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How to Reshape Market Society and Redefine Democracy

"A deeply though-provoking book about the dramatic changes we must make to save the planet from financial madness."--Naomi Klein, author of The Shock Doctrine

Opening with Oscar Wilde's observation that "nowadays people know the price of everything and the value of nothing," Patel shows how our faith in prices as a way of valuing the world is misplaced. He reveals the hidden ecological and social costs of a hamburger (as much as $200), and asks how we came to have markets in the first place. Both the corporate capture of government and our current financial crisis, Patel argues, are a result of our democratically bankrupt political system.

If part one asks how we can rebalance society and limit markets, part two answers by showing how social organizations, in America and around the globe, are finding new ways to describe the world's worth. If we don't want the market to price every aspect of our lives, we need to learn how such organizations have discovered democratic ways in which people, and not simply governments, can play a crucial role in deciding how we might share our world and its resources in common.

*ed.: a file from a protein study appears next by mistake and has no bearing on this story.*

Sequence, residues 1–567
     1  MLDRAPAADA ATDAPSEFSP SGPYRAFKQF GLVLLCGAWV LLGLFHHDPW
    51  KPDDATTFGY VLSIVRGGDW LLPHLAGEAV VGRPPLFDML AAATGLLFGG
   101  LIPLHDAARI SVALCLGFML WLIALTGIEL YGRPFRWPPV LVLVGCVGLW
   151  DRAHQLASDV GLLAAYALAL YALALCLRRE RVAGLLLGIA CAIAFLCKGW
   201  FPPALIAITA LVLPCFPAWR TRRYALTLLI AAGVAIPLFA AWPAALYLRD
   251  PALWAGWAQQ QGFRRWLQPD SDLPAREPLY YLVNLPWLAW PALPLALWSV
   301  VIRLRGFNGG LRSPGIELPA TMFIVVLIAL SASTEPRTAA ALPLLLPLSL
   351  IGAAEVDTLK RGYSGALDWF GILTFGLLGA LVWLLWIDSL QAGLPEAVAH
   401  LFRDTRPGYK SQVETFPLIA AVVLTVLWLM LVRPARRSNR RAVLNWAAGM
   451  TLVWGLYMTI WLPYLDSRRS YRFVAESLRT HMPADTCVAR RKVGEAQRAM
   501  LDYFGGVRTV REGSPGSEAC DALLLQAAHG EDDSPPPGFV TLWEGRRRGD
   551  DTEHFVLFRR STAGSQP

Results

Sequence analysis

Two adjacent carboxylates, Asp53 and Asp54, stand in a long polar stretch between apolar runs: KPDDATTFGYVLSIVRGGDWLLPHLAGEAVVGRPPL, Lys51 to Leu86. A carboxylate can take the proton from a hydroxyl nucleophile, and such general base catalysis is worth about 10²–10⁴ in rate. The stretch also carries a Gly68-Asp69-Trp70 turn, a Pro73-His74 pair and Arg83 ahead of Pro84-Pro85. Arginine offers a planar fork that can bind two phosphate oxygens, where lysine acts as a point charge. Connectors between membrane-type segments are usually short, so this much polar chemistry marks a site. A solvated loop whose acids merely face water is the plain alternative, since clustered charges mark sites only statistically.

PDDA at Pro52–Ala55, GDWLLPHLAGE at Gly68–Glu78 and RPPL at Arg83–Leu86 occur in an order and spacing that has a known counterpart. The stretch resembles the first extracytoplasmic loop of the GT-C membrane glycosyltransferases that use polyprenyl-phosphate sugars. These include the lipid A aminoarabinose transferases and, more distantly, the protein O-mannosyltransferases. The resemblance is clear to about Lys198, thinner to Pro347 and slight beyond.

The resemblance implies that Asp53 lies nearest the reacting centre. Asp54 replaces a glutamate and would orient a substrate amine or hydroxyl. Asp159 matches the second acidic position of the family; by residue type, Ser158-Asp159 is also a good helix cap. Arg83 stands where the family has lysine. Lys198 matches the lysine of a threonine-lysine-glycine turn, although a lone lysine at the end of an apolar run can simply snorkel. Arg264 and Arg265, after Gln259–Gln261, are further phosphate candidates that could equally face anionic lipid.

This short, timely and inspiring book reveals that our current crisis is not simply the result of too much of the wrong kind of economics. While we need to rethink our economic model, Patel argues that the larger failure beneath the food, climate and economic crises is a political one. If economics is about choices, Patel writes, it isn't often said who gets to make them. The Value of Nothing offers a fresh and accessible way to think about economics and the choices we will all need to make in order to create a sustainable economy and society.

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"The plowshare may well have destroyed more options for future generations than the sword," writes Wes Jackson in a review of practices that have brought U.S. agriculture to the edge of disaster. Tillage has hastened the erosion of irreplaceable topsoil everywhere and a technology based on fossil fuels has increased yields for short-term profits, leaving crops ever more vulnerable to diseases, pests, and droughts. Such, says Jackson, is "the failure of success." As high-technology agriculture becomes more wasteful and expensive, more farmers are being forced off the land or into bankruptcy.